Although Indians had the tradition of analytical thinking, Indian mathematicians also learnt from the works done in Babylon, Greece and Rome, economist Amartya Sen said here today.
“To be sure there was an Indian tradition of analytical thinking. The golden age of Indian mathematics changed the face of mathematics in the world. And later, the Indian mathematicians were directly inspired from the work done in Babylon, Greece and Rome”, Sen said at the Infosys Science Foundation here.
The Nobel laureate said that with stellar outbursts of mathematical work in India, Indians also learnt a lot of theorems, proofs and rigorous mathematical reasoning from the Greeks, the Romans and Babylonians.
Check out what Shashi Tharoor has twitted about this:
Greek saying, via @MaretStella: “We gave the light to civilization but forgot to keep the matches”. Applies to India too!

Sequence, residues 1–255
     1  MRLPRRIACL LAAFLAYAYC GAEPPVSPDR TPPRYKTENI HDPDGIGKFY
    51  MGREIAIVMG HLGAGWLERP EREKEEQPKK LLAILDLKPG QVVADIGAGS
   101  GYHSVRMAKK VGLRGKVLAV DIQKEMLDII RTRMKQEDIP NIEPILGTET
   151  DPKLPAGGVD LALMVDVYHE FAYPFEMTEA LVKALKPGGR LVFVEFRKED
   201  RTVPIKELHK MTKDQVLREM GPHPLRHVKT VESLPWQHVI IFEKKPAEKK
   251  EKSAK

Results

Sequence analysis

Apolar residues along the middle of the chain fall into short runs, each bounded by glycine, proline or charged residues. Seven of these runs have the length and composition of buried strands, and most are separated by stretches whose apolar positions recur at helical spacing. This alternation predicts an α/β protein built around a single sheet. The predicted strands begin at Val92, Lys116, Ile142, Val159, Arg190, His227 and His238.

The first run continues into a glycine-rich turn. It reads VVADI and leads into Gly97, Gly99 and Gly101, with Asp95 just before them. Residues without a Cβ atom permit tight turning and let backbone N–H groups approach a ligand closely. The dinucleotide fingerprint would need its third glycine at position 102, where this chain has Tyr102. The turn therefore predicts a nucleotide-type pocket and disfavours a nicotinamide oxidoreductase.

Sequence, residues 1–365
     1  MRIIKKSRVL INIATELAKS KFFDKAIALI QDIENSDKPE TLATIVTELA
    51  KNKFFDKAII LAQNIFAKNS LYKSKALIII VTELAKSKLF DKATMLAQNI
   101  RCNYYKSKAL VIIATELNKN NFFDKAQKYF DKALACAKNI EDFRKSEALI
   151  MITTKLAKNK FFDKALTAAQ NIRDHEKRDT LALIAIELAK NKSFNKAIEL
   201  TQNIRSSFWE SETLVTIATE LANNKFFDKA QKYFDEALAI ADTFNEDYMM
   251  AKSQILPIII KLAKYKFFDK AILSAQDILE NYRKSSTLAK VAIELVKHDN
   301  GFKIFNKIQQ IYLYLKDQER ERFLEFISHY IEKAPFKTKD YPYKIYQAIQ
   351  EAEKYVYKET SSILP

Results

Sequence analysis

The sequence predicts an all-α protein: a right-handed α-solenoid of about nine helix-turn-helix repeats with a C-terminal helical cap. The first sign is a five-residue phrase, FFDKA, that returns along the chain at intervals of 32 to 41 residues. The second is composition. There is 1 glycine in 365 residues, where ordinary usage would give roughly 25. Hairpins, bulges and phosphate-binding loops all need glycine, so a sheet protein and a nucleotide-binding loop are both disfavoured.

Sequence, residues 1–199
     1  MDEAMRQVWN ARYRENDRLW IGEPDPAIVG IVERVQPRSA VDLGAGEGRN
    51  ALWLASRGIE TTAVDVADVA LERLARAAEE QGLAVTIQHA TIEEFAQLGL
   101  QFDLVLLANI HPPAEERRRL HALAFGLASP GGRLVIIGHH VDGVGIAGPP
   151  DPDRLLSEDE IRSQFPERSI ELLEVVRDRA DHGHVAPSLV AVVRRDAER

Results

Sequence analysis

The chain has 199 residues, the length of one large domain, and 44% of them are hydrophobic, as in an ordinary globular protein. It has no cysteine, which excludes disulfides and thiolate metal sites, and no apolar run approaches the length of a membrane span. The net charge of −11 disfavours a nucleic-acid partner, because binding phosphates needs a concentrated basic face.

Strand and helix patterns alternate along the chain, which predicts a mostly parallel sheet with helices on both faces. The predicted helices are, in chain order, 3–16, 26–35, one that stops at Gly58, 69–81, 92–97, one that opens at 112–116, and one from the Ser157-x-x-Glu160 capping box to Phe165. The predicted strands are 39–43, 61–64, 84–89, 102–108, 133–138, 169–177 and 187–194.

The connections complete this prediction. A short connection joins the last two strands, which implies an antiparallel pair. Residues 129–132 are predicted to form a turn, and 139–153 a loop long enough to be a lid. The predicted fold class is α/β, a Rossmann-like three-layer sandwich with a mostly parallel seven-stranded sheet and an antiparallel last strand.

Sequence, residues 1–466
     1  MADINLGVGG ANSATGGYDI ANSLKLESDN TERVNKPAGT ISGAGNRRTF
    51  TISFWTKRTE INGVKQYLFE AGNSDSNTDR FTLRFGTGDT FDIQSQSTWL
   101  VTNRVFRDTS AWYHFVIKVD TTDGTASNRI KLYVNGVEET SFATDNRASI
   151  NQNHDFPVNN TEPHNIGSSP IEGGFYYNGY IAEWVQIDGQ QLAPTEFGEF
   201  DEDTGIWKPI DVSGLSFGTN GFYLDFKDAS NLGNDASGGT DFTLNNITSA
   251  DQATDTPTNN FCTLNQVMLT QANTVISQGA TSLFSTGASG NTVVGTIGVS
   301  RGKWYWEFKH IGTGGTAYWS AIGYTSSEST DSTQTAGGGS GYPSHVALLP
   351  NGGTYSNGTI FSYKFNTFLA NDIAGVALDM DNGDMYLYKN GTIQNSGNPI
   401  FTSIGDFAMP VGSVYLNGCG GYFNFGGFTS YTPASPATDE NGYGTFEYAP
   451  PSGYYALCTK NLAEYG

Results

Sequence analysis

— Shashi Tharoor (@ShashiTharoor) January 5, 2015
“There is no shame in learning from others, and to put them in good use and then going to create knowledge, new understanding and thrilling novel ideas and results,” he said.
. @JuzSci I didn’t say Indians got it first. I just said they got it before Pythagoras. So did the Babylonians, even earlier. — Shashi Tharoor (@ShashiTharoor) January 5, 2015
Giving an example, he said, in trigonometry, the concept of ‘sin’ was conceived by Indian mathematician Aryabhatta. But it was an Italian mathematician who gave the Latin name ‘sinus’ which later became ‘sin’.
He said Indian research was deeply influenced by the knowledge of foreign works, and also Indian mathematics influenced mathematical work in countries like Greece, Rome and Baghdad.
Also read: Now, Congress’ Shashi Tharoor supports BJP’s Harsh Vardhan over ancient India’s claim to Algebra, Pythagoras’ theorem
What was cause for admiration was what not Indian mathematics did in splendid isolation, but what it did by international and inter-regional exchange of ideas, Sen said.
The Infosys Science Foundation gave away prizes in the fields of mathematical sciences, physical sciences, life sciences, humanities, social sciences and computer and engineering sciences.